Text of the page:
A Nightmare on Elm Street. Halloween. Night of the Living Dead. These films have been indelibly stamped on moviegoers' psyches and are now considered seminal works of horror. Guiding readers along the twisted paths between audience, auteur, and cultural history, author Kendall R. Phillips reveals the macabre visions of these films' directors in Dark Directions: Romero, Craven, Carpenter, and the Modern Horror Film.
Phillips begins by analyzing the works of George Romero, focusing on how the body is used cinematically to reflect the duality between society and chaos, concluding that the unconstrained bodies of the Living Dead films act as a critical intervention into social norms.
Phillips then explores the shadowy worlds of director Wes Craven. In his study of the films The Serpent and the Rainbow, Deadly Friend, Swamp Thing, Red Eye, and Shocker, Phillips reveals Craven's vision of technology as inherently dangerous in its ability to cross the gossamer thresholds of the gothic.
Finally, the volume traverses the desolate frontiers of iconic director John Carpenter. Through an exploration of such works as Halloween, The Fog, and In the Mouth of Madness, Phillips delves into the director's representations of boundaries - and the haunting consequences for those who cross them.
The first volume ever to address these three artists together, Dark Directions is a spine-tingling and thought-provoking study of the horror genre. In analyzing the individual works of Romero, Craven, and Carpenter, Phillips illuminates some of the darkest minds in horror cinema.
“Despite the powerful influence a number of their remarkable films continue to exercise, John Carpenter, Wes Craven, and George Romero do not often receive the sort of auteurist analysis provided by Dark Directions. This book will be especially eye-opening for those relatively unfamiliar with the careers of these underappreciated directors, as Kendall Phillips describes their work in ways that encourage the reader to seek out the films for a closer look.” (Adam Lowenstein, University of Pittsburgh, author of Shocking Representation: Historical Trauma, National Cinema, and the Modern Horror Film)
“In Dark Directions, Kendall Phillips offers scrupulous readings of the film rhetorics of auteurs George Romero, Wes Craven, and John Carpenter, showing how they engage the anxieties of contemporary culture in thematic explorations of the body (Romero), the Gothic (Craven), and the frontier (Carpenter).” (Thomas W. Benson, Penn State University)
“Dark Directions makes good on its promise to place Carpenter, Craven, and George Romero within the pantheon of important '70s filmmakers. Discussing the themes and storytelling abilities of each director, Phillips has a definitive case for their inclusion with the likes of Martin Scorcese in terms of influence.” (Nick Spacek)
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Some decent analysis if you can stay awake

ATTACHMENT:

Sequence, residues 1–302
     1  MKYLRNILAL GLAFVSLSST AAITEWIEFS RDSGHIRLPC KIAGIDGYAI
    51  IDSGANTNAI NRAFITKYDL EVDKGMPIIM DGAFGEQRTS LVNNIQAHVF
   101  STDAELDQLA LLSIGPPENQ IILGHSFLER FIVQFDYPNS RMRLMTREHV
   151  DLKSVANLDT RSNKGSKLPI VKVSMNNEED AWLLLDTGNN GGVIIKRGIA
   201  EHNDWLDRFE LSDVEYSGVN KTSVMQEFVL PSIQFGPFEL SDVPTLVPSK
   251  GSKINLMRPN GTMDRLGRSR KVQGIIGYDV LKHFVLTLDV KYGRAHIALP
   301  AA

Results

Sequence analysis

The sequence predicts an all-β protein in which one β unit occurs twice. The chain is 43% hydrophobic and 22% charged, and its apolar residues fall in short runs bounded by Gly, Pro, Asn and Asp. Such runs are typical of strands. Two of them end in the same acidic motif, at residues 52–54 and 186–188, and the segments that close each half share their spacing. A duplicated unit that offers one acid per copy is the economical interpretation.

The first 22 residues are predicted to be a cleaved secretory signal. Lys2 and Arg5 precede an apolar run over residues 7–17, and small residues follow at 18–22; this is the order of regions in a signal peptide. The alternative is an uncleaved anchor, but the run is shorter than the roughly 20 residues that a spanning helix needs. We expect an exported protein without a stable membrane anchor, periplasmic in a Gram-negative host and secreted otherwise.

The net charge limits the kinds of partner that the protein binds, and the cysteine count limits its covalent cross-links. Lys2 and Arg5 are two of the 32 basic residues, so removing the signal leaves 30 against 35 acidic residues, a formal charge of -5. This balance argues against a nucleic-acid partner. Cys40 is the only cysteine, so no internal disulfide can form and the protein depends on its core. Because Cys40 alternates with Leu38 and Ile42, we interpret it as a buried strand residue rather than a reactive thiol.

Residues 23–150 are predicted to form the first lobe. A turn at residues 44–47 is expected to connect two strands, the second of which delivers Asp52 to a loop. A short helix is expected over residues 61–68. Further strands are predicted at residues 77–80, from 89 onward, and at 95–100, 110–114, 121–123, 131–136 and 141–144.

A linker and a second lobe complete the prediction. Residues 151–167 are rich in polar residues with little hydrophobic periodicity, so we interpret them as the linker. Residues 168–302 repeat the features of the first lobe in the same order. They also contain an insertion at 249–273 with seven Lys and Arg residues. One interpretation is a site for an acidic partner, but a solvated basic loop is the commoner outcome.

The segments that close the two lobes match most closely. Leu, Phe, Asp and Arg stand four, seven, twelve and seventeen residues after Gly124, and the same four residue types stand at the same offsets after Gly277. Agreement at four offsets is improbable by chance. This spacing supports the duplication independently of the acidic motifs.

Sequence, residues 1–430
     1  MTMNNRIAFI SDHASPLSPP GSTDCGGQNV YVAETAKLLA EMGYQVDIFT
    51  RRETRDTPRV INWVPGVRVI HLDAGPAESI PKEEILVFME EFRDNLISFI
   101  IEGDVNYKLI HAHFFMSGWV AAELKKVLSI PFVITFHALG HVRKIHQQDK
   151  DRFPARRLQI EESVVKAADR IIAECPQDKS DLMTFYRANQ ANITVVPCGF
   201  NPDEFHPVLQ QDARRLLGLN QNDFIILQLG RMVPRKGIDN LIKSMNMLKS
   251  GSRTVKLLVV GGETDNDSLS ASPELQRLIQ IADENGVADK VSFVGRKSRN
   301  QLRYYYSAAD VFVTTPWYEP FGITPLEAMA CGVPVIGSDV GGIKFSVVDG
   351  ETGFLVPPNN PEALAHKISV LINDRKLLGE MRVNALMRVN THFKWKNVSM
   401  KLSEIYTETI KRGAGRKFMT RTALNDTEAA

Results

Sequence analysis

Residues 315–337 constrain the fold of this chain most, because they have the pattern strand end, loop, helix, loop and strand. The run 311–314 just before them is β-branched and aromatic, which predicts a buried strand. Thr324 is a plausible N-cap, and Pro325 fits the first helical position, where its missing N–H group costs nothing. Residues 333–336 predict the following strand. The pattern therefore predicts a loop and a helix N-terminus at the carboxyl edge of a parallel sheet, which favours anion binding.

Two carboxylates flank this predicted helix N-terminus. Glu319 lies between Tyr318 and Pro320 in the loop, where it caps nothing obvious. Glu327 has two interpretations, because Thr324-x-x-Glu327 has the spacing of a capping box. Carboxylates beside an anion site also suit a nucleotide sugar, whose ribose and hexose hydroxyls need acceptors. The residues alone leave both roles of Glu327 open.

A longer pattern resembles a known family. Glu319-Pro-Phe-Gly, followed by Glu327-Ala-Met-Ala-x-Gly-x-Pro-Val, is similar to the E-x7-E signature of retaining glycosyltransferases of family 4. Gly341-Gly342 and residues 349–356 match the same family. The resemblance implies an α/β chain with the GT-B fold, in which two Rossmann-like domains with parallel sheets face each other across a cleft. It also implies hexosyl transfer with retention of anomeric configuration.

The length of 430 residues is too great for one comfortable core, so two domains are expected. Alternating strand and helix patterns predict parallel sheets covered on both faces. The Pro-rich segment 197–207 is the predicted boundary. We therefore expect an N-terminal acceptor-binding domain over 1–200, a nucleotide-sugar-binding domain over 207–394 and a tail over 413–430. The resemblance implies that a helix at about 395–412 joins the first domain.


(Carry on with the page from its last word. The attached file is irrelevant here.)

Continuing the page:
Like a bad term paper! Get"Shock Value" Instead.
This is written like a poorly done term paper or lecture by a professor that does not really know his material but has read other's reviews of the films and feels he is entitled to give his opinions anyway.
Phillips spends less than 20 minutes on "Halloween", a movie that changed horror forever (by bringing the horror into a regular neighborhood instead of requiring the characters to go to the haunted house on the hill, the deserted motel in the middle of nowhere, etc), yet Carpenter is listed as one of the 3 directors that will be covered in the book. You advertise that you are going to discuss a director, and his most famous work is given mere minutes in such a rambling book.
The premise here is not a knowledgeable review of the works, but instead an author giving his psychoanalytical review of the films, which you get the feeling he has read reviews about but not actually seen. I could not get over how poorly done and vague it was while supposedly focusing on just 3 directors and their works.
I read "Shock Value" after reading this and it did a much better job of covering the material "Dark Directions" claimed it would.
My next listen after this was "Shock Value". A much better attempt at similar material. From there I moved on to Sherry Lansing's "Leading Lady".
I gave 3 points to the performance for being clear, loud enough, and a voice somewhat appropriate to the material. I am finding some books are not produced loud enough to play over speakers or even headphones with enough volume. I have nice speakers, but they can only amplify what they are given.
I did not find anything redeeming in the book. It was worse than most college essays. I am guessing this was written by a professor or someone like that he accepted a grant to write about the genre but didn't actually know the genre. I had a film studies professor who thought "Goodfellas" was a fictional story directed by Michael Scorsese. MICHAEL?!? When debated about such things, he held to his being an expert.... an expert that could have read the DVD dust cover and been more informed. Reading this book felt very much like being back in that class.
Read "Shock Value" if you want to get the material promised and save yourself the cost and time I invested in this book.
- James M. Patton